‘Everything to lose’: Michigan leaders warn about Trump’s threats to LGBTQ rights

lgbtq rights

By Kyle Kaminski

June 6, 2024

Attorney General Dana Nessel is warning about Republican attacks on LGBTQ rights—and how another Donald Trump presidency could turn those bigoted dreams into reality.

LANSING—Michigan Attorney General Dana Nessel and several state lawmakers gathered in downtown Lansing this week to offer a firm warning to Michiganders ahead of the upcoming presidential election—particularly for those who are celebrating Pride Month and LGBTQ rights.

“Time to wake the hell up. That’s my message,” Nessel said.

Nessel was joined Tuesday by state House Speaker Pro Tempore Laurie Pohutsky (D-Livonia), Reps. Emily Dievendorf (D-Lansing), Jason Hoskins (D-Southfield), and Jason Morgan (D-Ann Arbor), as well as Dakota Torolski, the state director of the Human Rights Campaign.

Together, they outlined threats that another Donald Trump presidency could pose to LGBTQ rights in Michigan, as well as how Republican lawmakers in Congress and the state Legislature could work to peel back recent efforts to bolster protections for LGBTQ people in Michigan.

Nessel kicked off the press conference by blasting Trump’s “homophobic, transphobic, and very hateful” agenda while in office, and then pointed to what she labeled as the “only” choice on Election Day for Michiganders interested in safeguarding LGBTQ rights for the long-term future.

“The only actual way to save LGBTQ people from being launched backwards—literally 50 years, if not further—is to re-elect Joe Biden, a man who has been our greatest ally, a champion, and a protector for the LGBTQ community,” Nessel told reporters during the press conference. “Our rights are on the chopping block and we cannot afford to let Joe Biden lose this election.”

Here’s the deal:

June is Pride Month—a time where “everyone has the freedom to be who they are and love who they love,” according to an official proclamation issued by Gov. Gretchen Whitmer last week.

The month-long celebration of progress and equality is typically marked with colorful parades, music, and dance. It also serves as a time to recognize the impact that LGBTQ people have had on history. But for Nessel, the first openly LGBTQ person elected to statewide office in Michigan, Pride Month also marks a time to reflect on the fragility of those hard-fought rights—and the importance of voting for candidates who are willing to continue defending them, she said.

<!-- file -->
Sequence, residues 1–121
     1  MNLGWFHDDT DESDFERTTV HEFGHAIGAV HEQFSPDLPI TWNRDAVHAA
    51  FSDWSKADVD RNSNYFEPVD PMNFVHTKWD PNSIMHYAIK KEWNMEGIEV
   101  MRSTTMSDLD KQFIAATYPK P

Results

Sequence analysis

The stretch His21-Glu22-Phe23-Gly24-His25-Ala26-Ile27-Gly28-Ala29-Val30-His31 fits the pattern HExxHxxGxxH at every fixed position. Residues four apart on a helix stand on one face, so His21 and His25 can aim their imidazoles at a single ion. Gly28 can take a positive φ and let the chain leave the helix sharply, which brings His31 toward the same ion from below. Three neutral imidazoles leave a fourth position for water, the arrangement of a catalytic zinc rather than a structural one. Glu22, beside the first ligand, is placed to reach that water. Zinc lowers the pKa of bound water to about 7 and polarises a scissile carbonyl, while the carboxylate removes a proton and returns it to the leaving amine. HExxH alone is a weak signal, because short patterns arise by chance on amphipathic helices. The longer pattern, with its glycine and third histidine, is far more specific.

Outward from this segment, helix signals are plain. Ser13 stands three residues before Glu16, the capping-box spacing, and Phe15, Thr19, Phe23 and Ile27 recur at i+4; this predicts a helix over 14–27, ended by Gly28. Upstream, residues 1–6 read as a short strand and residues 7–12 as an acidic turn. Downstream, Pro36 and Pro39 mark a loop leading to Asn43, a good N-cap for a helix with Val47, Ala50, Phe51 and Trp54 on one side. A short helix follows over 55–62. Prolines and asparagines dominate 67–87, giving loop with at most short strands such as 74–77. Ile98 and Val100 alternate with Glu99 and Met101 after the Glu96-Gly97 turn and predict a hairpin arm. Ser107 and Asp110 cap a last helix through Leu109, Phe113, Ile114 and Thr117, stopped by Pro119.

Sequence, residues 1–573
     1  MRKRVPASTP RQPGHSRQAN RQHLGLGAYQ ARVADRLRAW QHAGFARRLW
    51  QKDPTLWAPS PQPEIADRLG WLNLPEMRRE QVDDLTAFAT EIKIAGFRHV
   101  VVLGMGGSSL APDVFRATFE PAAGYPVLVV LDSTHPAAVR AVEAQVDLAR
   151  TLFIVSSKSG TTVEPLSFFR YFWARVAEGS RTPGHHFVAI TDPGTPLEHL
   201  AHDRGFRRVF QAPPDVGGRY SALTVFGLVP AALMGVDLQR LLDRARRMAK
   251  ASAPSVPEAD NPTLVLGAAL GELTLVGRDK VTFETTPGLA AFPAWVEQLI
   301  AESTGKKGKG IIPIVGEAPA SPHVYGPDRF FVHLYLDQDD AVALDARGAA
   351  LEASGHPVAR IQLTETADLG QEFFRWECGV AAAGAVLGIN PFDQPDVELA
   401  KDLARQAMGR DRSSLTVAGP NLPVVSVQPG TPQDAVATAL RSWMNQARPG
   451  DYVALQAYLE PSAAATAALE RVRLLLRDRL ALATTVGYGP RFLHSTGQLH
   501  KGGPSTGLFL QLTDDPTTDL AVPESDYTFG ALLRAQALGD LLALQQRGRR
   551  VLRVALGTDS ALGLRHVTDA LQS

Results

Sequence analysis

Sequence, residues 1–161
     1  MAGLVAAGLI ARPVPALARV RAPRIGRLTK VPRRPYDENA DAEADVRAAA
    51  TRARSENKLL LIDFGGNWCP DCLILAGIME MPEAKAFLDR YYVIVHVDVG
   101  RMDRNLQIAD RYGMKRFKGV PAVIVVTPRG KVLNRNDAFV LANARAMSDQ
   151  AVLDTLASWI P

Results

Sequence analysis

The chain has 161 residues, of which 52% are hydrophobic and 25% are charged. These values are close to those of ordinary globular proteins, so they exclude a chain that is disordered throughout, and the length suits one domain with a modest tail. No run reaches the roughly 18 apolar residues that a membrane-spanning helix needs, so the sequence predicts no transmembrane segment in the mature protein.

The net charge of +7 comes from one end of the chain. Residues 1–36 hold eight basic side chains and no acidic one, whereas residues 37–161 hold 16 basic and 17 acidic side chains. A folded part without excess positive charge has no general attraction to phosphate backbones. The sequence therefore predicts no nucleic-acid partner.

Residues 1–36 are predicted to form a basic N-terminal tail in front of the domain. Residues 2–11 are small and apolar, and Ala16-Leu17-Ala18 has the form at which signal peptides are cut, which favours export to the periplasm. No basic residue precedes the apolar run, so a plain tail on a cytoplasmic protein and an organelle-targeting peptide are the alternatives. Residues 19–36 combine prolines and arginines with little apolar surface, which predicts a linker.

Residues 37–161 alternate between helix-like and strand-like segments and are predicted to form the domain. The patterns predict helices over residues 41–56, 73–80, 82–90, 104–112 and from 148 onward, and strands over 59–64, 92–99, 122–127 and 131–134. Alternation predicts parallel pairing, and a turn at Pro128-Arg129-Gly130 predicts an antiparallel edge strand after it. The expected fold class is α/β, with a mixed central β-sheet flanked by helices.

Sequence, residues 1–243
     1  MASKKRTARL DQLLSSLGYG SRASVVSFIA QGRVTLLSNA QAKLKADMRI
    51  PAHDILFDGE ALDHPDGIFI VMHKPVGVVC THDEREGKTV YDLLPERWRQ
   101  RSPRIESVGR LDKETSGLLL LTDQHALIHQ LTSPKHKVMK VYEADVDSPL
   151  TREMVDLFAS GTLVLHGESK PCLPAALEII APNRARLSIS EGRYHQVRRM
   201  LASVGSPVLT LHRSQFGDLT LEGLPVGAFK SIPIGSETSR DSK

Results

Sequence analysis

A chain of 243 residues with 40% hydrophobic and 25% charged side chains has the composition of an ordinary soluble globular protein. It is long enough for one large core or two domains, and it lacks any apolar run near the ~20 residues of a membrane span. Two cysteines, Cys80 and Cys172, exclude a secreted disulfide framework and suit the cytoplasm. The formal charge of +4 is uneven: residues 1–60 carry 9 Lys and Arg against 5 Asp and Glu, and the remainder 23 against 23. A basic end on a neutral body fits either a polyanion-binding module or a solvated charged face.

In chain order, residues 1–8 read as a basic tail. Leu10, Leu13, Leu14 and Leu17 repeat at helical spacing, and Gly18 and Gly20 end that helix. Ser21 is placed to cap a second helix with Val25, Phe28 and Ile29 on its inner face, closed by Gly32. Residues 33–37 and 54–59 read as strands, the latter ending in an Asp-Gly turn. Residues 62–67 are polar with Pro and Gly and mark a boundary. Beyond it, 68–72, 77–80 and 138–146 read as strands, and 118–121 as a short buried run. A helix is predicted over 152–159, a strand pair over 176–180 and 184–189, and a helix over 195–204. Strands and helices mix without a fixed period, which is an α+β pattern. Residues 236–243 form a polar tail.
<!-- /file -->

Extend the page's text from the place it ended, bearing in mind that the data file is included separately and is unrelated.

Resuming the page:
“I don’t think there’s an appreciation or an understanding of just how significant the threat is,” Nessel added. “When you have all the rights in the world, it’s easy to disregard and think things were always this way—but they weren’t. And we can go back very swiftly if we don’t have the right people in state and federal office and, especially, in the presidency of the United States.”

Trump’s Record

The Trump administration didn’t waste any time reversing progress toward equality for the LGBTQ community that was made during former President Barack Obama’s administration.

In addition to picking anti-LGBTQ Republican Mike Pence to serve as his vice president, Trump also had every mention of LGBTQ issues erased from the official White House webpage less than two hours after he was sworn into office, according to the Human Rights Campaign.

Over the course of his presidency, Trump also rescinded Title IX regulations that protected transgender students at school, banned transgender people from active military service, permitted discrimination against LGBTQ couples in adoption proceedings, and opposed other basic non-discrimination protections for the LGBTQ community—including the Equality Act, which sought to guarantee protections for LGBTQ people under existing federal civil rights laws.

GLAAD, a nonprofit LGBTQ advocacy organization, kept a running tab of Trump’s individual attacks on the LGBTQ community—including more than 200 instances of executive orders, policy ideas, and judicial nominations that negatively impacted LGBTQ people and their rights.

On the campaign trail this year, Trump has remained just as hostile toward the LGBTQ community—including a recent promise to reverse Title IV protections for students in public schools, which were put in place under Biden to protect LGBTQ kids from discrimination.